The Modern Antiquarian. Stone Circles, Ancient Sites, Neolithic Monuments, Ancient Monuments, Prehistoric Sites, Megalithic MysteriesThe Modern Antiquarian

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Reavouler (Standing Stone / Menhir)

A cloven standing-stone; 2.2m tall*, or a very anomalous stone pair, acting as apt familiar to the nearby 'Cross of the Evil Spirit'.

Similarities in texture, colour and the apparently compatible inner sides of the two slabs indicate that they are two parts of the same stone. The confusion is caused by the steep angle with which they rise from their clearly separated ground-level positions.

*Archaeological Inventory of Cork, 1992; No.468, 64

Permission to visit this site may be obtained from the house on the opposite side of the road that runs southeast from the field.

Gurteenaduige (Stone Row / Alignment)

An impressively varied, but perhaps noncontemporaneous, complex, consisting of a tall stone pair and a ringfort with adjacent standing-stone*. A field boundary-wall now splits the former group, N-S, from the latter.

*Archaeological Inventory of Cork, 1992; No.188, 41; No.382, 57; No.1577, 178.

Access may be gained and permission to visit obtained, at the farmhouse at the beginning of the trackway to the east.

Cashelisky (Standing Stones)

A probable anomalous stone pair, recorded as two separate standing-stones in the Inventory. The mutation is in the placement of the NE stone; 2m long*, which appears to be set in a deliberately recumbent position. The stone to the SW; 1.3m tall*, stands in line with the long axis of the former and is L-shaped in cross-section. Another standing-stone, beyond the field boundary and south of the axis of the pair, is not listed in the Inventory and may be modern.

Views are extensive to the S, E and N but are blocked to the W by a short rise towards the summit of a low hill, a similar blind to the other Argideen valley pairs at Knockawaddra E and Sarue and the row at Knockatlowig.

*Archaeological Inventory of Cork, 1992; No.276, 49; No.513, 67.

Access is through the farmyard, by the road to the east of the site and permission to visit may be obtained at the adjacent farmhouse.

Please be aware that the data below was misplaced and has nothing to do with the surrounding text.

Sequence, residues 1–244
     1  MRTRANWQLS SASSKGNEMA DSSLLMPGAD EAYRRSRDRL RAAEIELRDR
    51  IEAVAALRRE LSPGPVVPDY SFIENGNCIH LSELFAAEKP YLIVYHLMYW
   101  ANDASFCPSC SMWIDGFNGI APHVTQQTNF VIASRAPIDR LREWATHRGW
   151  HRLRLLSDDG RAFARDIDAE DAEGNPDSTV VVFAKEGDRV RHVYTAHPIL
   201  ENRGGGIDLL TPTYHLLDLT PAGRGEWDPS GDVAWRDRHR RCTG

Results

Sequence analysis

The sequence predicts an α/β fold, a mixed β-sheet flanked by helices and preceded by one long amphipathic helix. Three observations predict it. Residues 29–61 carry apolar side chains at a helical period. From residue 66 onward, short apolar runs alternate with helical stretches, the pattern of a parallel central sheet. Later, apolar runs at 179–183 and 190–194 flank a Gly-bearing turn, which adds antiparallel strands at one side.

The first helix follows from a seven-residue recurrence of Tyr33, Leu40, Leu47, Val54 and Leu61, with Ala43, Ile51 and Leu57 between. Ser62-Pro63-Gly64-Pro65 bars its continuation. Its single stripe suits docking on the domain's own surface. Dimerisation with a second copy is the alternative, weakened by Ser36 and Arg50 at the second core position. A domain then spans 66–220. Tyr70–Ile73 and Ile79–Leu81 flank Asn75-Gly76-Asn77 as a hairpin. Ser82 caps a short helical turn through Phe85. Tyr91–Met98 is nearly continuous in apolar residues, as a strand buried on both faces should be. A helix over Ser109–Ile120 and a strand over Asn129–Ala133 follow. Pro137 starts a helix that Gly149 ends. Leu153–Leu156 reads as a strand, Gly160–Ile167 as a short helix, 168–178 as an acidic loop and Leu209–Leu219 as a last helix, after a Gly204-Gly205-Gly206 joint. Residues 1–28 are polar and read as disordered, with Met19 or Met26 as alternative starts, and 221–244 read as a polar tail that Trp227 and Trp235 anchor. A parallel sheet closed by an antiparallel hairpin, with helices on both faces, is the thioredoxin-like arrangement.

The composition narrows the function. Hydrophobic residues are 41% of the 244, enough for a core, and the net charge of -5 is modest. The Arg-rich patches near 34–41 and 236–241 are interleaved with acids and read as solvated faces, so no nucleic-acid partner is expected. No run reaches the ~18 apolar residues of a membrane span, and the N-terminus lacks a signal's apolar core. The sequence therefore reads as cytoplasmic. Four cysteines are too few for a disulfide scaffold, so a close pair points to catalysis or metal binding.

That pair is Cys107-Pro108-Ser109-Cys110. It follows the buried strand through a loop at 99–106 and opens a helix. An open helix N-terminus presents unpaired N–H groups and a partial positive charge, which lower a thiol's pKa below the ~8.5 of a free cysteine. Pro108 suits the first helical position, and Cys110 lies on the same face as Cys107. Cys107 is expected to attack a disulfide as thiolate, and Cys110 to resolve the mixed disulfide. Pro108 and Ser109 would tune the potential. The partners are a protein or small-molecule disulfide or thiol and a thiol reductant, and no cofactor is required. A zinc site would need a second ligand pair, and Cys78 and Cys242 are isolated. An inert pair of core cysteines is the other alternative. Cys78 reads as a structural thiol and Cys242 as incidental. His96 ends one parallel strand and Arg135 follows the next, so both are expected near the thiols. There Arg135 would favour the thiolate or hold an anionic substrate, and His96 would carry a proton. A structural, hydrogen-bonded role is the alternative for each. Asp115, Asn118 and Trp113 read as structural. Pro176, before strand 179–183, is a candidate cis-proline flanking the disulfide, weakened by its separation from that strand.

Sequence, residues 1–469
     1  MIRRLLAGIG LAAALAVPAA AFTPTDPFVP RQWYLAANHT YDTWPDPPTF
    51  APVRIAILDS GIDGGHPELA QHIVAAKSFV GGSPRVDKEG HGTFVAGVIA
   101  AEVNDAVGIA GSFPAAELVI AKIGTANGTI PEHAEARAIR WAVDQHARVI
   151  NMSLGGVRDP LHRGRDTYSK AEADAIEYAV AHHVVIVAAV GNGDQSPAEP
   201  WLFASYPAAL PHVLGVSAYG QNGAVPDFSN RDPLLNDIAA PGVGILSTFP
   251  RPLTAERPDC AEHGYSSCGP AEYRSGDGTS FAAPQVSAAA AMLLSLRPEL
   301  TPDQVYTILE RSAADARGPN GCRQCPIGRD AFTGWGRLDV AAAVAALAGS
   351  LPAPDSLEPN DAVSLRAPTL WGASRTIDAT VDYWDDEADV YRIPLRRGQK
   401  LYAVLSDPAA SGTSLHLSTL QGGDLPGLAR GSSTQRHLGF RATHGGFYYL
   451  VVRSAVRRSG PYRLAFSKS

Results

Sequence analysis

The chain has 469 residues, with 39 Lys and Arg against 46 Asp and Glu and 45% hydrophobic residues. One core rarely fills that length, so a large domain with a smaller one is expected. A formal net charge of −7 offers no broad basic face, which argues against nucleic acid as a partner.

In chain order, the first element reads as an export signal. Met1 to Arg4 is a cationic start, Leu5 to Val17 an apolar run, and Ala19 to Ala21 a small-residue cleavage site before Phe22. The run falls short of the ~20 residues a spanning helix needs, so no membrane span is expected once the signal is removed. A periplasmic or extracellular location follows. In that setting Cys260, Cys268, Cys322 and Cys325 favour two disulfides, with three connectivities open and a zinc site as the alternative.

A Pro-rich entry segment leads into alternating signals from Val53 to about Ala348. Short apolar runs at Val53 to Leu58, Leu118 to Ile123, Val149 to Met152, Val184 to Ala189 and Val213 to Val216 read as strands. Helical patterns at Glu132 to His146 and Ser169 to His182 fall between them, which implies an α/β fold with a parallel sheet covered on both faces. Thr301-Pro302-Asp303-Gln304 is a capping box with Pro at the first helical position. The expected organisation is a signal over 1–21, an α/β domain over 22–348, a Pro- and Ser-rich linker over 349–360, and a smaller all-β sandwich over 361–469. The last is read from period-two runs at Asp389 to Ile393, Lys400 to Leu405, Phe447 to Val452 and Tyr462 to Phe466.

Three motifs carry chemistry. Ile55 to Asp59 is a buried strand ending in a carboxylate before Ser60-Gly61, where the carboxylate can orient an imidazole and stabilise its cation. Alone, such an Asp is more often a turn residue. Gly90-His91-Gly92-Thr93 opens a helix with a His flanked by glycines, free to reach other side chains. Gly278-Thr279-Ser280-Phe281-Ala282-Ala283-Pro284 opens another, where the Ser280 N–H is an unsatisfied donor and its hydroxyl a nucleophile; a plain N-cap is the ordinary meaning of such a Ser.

County Cork

The following is a list of town-land names that I have translated from the map (in 'images') above. In order to keep clutter on the (small-scale) picture to a minimum, I have only inscribed those town-lands that contain megalithic remains. For this same reason I have omitted two standing stones from the sketches in Coolnaconarty. The topographical names appear in bold print on the map and are listed in the second section.


Reavouler; Baldir's Plain; Standing Stone
Killinga; Church of the (Finger) Nail; Standing Stone (Possible Stone Pair)
Curraghnaloughra; Moor of the Rushes; Standing Stone
Garryglass; Green Moor; Stone Circle
Tullig; Gentle Hill; Standing Stone
Reanascreena; Plain of the Shrine; Stone Circle
Milleenagun; Hillock of the Hounds; Standing Stone, Wedge Tomb
Lettergorman; Gorman's Hillside; Standing Stone, Four-Poster, Stone Circle
Knockawaddra; Hill of the Dog; Stone Pair, Stone Row
Maulatanvally; Hillock of the Old Town; Anomalous Stone Group, Stone Circle
Glanbrack; Speckled Glen; Anomalous Stone Pair, Stone Circle
Carrigagrenane; Rock of the Sun; Two Stone Circles
Sarue; (In this case; the Blind) Stream; Stone Pair
Inchinattin; Meadow of the Furze; Standing Stone
Coolnaconarty; Corner of the Hounds; Five Standing Stones (inc. Possible Anomalous Stone Pair)
Knocks; Hills; Standing Stone (Possible Stone Pair), Stone Pair (Possible Stone Row), Two Stone Circles
Derreen; Oak Grove; Standing Stone
Caherkirky; Fort of the Moors; Standing Stone, Two Boulder Burials
Knockatlowig; Hill of the Host (of People); Stone Row
Ahagilla; Field of the Standing Stones; Stone Circle
Coolcraheen; Crahen's Corner; Standing Stone

The area included is approximately 14km from east to west and 9km north to south; the western Argideen river-valley, the hills around Carrigfadda and "a remarkable concentration of recumbent stone circles, Five-Stone rings and Four Posters."* The relevant name-translations are based on information provided at, with the exception of the following; Reavouler, Garryglass, Reanascreena, Carrigagrenane, Sarue, Caherkirky, Knockatlowig, and Ahagilla.**

*Burl, "A Guide to the Stone Circles of Britain, Ireland and Brittany", 2005; 227.